1945

Extraterritorial jurisdiction

Traditionally, the exercise of jurisdiction by a State was primarily limited to persons, property and acts within its territory and to relatively exceptional situations in which its nationals travelled beyond its borders. Today, the exercise of extraterritorial jurisdiction by a State with respect to persons, property or acts outside its territory has become an increasingly common phenomenon largely as a consequence of: (a) the increase in the movement of persons beyond national borders;1 (b) the growing number of multinational corporations; (c) the globalization of the world economy,2 including international banking and international stock exchanges: (d) the increase in transnational criminal activities, including drug trafficking, money laundering, securities fraud and international terrorism; (e) the increase in illegal migration:3 and (/) the increasing use of the Internet across national borders for legal or illegal purposes, such as electronic contracts, e-commerce and cybercrimes.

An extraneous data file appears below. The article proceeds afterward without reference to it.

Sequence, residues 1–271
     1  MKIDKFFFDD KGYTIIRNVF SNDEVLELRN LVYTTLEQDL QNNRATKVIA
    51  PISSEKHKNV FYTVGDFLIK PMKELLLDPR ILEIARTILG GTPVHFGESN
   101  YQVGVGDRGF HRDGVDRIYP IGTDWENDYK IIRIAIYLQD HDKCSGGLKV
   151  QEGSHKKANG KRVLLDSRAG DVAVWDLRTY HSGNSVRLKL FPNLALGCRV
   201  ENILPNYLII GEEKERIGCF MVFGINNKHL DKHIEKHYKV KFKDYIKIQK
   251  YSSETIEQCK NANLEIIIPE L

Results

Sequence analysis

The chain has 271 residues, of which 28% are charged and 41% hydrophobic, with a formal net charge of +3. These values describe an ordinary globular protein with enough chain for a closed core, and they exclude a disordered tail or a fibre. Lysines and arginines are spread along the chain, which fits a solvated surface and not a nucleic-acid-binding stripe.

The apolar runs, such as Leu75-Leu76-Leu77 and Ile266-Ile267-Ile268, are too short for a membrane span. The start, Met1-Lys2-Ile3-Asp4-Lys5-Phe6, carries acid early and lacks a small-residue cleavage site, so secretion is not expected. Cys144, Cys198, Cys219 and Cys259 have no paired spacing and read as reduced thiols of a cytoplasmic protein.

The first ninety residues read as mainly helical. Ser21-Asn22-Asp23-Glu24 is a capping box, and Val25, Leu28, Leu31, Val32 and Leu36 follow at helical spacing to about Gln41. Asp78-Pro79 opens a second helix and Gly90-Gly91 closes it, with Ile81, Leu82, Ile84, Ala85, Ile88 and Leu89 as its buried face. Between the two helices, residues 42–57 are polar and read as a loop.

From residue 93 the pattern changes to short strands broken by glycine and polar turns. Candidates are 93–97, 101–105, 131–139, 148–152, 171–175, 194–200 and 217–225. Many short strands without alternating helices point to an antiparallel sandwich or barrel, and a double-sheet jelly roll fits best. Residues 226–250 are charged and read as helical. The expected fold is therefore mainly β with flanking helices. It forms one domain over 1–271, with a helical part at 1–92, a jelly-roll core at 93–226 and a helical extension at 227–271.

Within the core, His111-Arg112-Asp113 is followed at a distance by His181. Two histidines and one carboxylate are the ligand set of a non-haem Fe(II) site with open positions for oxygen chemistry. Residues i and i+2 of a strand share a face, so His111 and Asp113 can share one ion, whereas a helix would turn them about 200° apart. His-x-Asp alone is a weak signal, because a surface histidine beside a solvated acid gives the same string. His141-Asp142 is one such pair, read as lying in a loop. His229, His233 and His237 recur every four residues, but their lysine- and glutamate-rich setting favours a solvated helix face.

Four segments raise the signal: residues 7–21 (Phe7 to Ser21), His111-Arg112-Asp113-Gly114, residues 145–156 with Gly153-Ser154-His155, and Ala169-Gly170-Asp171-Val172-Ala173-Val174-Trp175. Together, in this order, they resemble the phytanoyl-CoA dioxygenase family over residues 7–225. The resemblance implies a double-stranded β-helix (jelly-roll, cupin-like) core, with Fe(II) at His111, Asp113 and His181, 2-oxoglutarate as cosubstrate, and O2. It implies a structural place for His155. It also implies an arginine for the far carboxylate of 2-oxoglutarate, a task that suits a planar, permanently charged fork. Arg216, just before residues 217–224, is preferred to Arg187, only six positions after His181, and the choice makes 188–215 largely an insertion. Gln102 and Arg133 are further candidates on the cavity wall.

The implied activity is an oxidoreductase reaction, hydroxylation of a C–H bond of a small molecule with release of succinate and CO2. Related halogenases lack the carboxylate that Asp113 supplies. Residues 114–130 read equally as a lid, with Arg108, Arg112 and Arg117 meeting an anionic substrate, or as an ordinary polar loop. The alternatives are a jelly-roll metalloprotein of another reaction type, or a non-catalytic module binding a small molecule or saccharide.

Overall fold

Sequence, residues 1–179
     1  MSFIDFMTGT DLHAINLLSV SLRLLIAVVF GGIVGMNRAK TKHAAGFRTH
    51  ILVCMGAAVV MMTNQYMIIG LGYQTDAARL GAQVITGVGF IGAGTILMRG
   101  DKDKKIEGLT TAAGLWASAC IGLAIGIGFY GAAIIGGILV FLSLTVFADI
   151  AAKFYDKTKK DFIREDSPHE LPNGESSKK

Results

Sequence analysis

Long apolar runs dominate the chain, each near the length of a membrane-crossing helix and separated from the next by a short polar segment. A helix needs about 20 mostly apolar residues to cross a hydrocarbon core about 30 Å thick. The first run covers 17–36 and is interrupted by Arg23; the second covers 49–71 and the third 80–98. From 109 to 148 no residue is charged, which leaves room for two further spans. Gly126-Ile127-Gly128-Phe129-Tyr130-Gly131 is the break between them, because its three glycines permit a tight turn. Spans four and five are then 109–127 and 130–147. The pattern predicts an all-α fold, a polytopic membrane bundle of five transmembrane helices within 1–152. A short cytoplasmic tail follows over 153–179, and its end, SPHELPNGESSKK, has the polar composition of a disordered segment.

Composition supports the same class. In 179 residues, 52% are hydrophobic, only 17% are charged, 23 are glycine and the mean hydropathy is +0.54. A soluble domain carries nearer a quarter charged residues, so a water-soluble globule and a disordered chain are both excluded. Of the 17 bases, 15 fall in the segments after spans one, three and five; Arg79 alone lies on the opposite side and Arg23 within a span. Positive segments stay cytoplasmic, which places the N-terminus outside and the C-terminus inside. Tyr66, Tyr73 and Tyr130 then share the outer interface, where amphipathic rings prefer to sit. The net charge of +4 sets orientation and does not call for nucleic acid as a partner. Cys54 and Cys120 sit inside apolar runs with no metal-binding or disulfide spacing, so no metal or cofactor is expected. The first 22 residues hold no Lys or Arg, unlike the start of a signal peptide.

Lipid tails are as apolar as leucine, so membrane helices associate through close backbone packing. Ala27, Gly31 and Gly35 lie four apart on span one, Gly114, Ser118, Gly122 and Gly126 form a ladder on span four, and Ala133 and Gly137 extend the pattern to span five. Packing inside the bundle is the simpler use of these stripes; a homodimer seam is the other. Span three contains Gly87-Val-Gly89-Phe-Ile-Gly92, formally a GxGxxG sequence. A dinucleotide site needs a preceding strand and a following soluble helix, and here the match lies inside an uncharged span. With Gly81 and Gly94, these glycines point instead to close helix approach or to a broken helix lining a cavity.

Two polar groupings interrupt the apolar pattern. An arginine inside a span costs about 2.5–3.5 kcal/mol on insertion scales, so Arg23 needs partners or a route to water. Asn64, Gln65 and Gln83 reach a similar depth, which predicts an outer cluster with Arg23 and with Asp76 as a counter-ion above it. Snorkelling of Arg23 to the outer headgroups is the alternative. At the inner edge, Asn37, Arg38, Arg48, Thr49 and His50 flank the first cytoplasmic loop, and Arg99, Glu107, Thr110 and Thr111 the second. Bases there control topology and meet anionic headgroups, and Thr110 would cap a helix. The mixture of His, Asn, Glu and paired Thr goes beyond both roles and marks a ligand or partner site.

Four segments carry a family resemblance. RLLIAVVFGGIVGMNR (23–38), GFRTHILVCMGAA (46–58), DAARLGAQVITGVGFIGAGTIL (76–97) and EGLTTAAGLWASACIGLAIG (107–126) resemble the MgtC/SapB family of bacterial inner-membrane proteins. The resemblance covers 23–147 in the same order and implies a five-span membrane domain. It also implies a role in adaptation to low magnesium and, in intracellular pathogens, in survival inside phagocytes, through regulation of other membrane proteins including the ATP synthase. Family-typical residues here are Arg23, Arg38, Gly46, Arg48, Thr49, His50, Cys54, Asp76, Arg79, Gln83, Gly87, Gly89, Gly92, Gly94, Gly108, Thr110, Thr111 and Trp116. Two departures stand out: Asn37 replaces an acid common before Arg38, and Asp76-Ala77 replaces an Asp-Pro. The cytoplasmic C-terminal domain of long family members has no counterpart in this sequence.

Related Subject(s): International Law and Justice
Sustainable Development Goals:
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